Water Safety & Precautions

Fish & Amphibians
Like chlorine, chloramines are toxic to cold-blooded animals, such as fish and frogs, because water passes through the gills of the fish or skin of the reptile and directly enters the bloodstream. To protect fish and amphibians, chloramines can be neutralized or removed from the water with inexpensive water treatment products (drops or tablets) or specialized carbon filters. These products are readily available at most pet supply stores and aquarium dealers.

Purification
Chloramines are different than chlorine in that they will not easily dissipate from water through boiling or holding water in open, standing containers. While sunlight and aeration help remove chloramines from water, allowing water to sit is not a reliable method of chloramines removal. Fish owners must be sure to neutralize or remove chloramines from the water before putting the water in a fish tank.

Dialysis Patients & Providers

During the dialysis process, water comes in contact with the blood across a permeable membrane. Chloramines in that water would be toxic, just as chlorine is toxic, and must be removed from water used in kidney dialysis machines.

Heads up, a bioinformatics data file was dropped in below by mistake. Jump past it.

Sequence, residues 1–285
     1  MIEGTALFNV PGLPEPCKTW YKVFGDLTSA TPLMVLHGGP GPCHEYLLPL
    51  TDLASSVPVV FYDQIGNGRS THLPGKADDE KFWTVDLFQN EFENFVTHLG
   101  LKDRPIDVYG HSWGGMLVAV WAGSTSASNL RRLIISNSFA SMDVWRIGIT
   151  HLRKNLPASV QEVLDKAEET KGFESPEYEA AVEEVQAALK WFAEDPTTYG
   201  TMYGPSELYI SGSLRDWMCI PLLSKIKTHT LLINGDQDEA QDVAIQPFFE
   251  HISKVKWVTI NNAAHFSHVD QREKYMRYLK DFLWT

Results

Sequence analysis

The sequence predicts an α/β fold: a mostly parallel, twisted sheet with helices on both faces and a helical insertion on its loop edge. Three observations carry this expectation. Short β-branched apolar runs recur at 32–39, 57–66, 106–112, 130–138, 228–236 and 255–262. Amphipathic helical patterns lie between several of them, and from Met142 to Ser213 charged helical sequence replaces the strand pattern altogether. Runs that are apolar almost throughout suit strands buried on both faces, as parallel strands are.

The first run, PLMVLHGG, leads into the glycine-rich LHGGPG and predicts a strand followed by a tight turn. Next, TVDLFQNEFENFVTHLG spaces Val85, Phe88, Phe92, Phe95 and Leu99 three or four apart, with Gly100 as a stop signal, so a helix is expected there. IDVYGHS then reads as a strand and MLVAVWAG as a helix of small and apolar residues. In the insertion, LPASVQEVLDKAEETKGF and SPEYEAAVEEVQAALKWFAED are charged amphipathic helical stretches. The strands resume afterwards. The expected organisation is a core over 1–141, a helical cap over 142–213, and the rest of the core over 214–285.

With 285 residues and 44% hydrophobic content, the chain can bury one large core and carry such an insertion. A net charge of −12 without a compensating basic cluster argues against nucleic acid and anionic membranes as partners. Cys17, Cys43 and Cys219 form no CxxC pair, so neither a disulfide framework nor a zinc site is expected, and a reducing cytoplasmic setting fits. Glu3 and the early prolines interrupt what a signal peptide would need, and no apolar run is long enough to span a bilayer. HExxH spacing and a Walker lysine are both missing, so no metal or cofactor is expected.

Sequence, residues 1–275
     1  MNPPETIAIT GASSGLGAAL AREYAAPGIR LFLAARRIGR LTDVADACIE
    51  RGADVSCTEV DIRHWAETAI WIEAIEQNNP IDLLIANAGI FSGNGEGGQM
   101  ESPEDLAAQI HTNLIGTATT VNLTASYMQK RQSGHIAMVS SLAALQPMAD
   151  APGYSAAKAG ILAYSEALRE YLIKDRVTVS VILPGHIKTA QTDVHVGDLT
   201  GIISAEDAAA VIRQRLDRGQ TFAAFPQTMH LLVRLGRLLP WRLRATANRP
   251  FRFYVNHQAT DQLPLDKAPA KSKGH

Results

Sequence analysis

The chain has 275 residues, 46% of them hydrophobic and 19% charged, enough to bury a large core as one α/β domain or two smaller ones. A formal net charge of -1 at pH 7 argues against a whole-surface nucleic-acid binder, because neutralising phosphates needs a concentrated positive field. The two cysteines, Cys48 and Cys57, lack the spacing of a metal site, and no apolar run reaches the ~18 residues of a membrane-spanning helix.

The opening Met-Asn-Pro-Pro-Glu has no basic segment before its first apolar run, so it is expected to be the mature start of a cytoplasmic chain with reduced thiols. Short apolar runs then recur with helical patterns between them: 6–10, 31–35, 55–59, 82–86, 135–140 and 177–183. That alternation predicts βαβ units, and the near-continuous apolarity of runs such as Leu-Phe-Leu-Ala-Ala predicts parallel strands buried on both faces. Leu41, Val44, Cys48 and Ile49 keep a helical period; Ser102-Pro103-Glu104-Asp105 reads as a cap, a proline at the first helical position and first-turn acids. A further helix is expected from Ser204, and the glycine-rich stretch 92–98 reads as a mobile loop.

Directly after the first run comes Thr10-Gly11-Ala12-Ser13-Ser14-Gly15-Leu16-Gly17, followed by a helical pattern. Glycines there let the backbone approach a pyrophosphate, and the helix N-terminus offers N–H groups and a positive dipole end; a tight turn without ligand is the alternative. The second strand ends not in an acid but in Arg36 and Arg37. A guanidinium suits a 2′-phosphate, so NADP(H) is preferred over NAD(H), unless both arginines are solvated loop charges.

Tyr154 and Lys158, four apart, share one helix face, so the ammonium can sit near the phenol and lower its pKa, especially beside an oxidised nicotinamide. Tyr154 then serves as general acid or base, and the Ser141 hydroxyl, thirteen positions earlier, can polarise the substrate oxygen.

Purification
Water purification techniques used for kidney dialysis are already designed to remove both chlorine and chloramines. Medical centers that perform dialysis are responsible for purifying the water that enters dialysis machines. They currently treat water to remove chlorine. Some modification to the treatment process may be necessary to remove chloramines.

Neutralizing Chloramines
There are two common ways to neutralize or remove chlorine and chloramines from water - adding ascorbic acid or using granular activated carbon treatment. The most noticeable impact caused by the addition of chloramines will be experienced by facilities that currently utilized carbon filter tanks to purify the water. These facilities will most likely have to replace their filters more frequently.

Industry Standards

Dialysis industry standards require that a nurse, technician, or trained caregiver test for both chlorine and chloramines after the purification process to ensure that these chemicals have been removed from the water before the water is used in a dialysis machine

Drinking Water
It is safe for dialysis patients to drink water treated with chloramines because the digestive process neutralizes chloramines before they enter the bloodstream.

Businesses Using Highly Processed Water
Businesses using highly processed water, such a laboratories, photography labs, and soft drink bottlers may also need to take special precautions to ensure their existing water treatment process will remove chloramines from water prior to use. In most cases, a simple process adjustment will be all that is needed.